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Saturday, 22 October 2011


Drive is a wonderfully minimalist title, and one which not only describes, but encapsulates the very existence of Ryan Gosling's vacant, ghostly driver, whose cogito ergo sum as he imperatively puts it is, 'I drive.' The film opens with 'The Driver' assisting a robbery as a getaway driver in most probably the coolest opening to a film in recent memory, and later it is revealed he daylights as a stunt driver and is poised to become a racing driver under the patronage of a local garage owner, Shannon. However, there is mob interest in the form of Albert Brooks' menacing Bernie Rose, and the driver's life soon veers off course into a web of indebted money and murder. Notice the several driving metaphors I'll be using here - as many have interpreted the film, Drive is a modern continuation of the existentialist road movie: life is a drive, albeit without the sentimental chaff about twists and turns.

But that is exactly what happens to Gosling's driver, and it takes on a much more disturbing path. His straight shooting driver only knows one thing, and has rigidly defined principles: on getaway drives he gives 5 minutes to get in and out, anything longer and they're on their own. He resembles to an extent Robert de Niro's Neil McCauley in Michael Mann's Heat, whose discipline is never to get attached to anything that he can't walk out on 'if you can't see the heat around the corner', and who is a similarly cold character. And the comparison doesn't stop there, as both men inhabit a visually cold environment with coldly murderous characters, as with Albert Brooks' ostensibly calm but murderous mobster. When the driver gets involved in the murky business of debt and blood money, his principles are thrown out the window, his life is ripped apart and he reacts with a psychosis comparable to that of Travis Bickle or Patrick Bateman. It is tantamount to trauma for the driver, and Ryan Gosling plays the switch from passive observer to avenging angel with a superbly disturbing modulation in performance. The explosions of violence that attend to his path of vengeance are genuinely shocking, and despite protestations by some viewers of gratuity, it is entirely part of the driver's character, whose spectrum of morality is so confused and polarised that he can only respond to injustice with the most excessive retribution. The film itself is split into two halves, as the second half is so in contrast with the dreamy lethargy of the first that it should be understood as a deliberate and masterful control of atmosphere by Nicolas Winding Refn. His direction is fresh if indebted partly to other directors such as Michael Mann, and with any justice, he should be duly nominated come awards season.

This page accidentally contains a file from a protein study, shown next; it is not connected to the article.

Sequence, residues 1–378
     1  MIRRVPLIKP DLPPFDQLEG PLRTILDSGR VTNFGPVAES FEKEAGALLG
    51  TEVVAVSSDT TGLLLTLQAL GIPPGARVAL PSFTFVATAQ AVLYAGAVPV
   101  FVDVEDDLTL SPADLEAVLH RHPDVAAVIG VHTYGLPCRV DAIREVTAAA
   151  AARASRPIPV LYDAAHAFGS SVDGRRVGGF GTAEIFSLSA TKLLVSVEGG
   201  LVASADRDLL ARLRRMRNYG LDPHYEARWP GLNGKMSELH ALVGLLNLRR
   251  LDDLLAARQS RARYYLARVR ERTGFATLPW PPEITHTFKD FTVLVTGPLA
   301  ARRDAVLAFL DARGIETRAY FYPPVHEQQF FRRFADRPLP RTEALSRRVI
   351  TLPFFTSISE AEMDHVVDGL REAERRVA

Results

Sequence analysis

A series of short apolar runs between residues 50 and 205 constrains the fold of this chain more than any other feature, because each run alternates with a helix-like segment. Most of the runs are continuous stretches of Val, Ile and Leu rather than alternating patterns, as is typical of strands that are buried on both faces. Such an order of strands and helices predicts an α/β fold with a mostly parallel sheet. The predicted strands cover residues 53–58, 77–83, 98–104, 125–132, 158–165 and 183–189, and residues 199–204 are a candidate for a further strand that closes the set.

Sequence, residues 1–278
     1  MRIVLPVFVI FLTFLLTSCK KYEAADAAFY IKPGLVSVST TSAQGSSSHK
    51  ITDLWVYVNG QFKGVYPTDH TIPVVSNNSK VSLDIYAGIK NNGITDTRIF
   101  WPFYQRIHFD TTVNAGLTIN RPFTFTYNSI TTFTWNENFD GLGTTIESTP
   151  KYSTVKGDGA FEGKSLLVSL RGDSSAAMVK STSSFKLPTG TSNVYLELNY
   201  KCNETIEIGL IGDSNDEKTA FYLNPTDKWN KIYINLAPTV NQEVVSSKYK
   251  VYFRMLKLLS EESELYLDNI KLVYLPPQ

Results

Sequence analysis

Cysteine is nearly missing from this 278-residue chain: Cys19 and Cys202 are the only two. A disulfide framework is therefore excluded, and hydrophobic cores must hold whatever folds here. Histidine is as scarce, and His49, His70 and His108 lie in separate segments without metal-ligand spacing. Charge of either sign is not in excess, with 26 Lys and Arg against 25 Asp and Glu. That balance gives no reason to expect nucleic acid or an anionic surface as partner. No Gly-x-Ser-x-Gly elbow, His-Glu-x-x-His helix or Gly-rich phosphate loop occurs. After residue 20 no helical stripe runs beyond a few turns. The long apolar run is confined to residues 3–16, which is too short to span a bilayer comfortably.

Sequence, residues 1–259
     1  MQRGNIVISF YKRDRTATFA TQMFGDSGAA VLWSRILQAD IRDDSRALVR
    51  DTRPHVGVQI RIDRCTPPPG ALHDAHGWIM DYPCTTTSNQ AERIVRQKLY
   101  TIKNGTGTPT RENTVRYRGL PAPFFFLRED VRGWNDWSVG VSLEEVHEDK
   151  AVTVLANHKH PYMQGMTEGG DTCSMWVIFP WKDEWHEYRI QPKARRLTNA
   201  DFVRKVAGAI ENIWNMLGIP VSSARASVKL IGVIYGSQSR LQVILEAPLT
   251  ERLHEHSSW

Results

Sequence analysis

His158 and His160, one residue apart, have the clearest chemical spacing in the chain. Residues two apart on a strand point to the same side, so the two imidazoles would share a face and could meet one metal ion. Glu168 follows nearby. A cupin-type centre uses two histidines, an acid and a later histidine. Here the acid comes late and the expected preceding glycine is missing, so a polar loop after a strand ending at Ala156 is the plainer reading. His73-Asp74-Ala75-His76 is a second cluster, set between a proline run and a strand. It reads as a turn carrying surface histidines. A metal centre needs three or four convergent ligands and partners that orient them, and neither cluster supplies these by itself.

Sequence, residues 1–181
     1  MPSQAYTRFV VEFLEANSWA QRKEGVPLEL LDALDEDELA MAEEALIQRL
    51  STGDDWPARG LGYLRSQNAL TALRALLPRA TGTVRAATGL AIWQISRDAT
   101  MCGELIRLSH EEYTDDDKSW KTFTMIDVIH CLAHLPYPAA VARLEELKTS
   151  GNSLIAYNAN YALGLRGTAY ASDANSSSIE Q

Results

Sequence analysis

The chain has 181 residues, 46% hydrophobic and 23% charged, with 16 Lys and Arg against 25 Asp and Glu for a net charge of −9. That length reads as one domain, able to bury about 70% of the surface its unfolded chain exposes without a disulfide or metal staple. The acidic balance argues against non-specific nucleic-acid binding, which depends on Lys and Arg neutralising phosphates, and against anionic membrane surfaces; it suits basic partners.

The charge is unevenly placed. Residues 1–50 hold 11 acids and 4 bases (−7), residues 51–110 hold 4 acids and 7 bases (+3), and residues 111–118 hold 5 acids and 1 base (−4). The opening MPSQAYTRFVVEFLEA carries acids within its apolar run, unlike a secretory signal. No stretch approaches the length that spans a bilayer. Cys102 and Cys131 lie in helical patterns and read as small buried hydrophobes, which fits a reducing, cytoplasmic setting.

The extreme stylisation of the film from its neo-noirish visuals to its synth 80s throwback soundtrack also swathes it in a mood of dreaminess, and as the driver's life descends into disarray the stylisation serves to represent the psychotic fantasy he has entered. In one unnerving, brilliant slow motion sequence the driver visits the diner to revel in the last moments of his next target, Ron Perlman's Jewish gangster, his face concealed by a blank rubber mask he uses for stunt driving. That he uses the mask is also wonderfully ironic, in that the expression Ryan Gosling's driver wears for the majority of the film is immovably blank. The face seems but a mask for the driver, who is surely crumbling inside.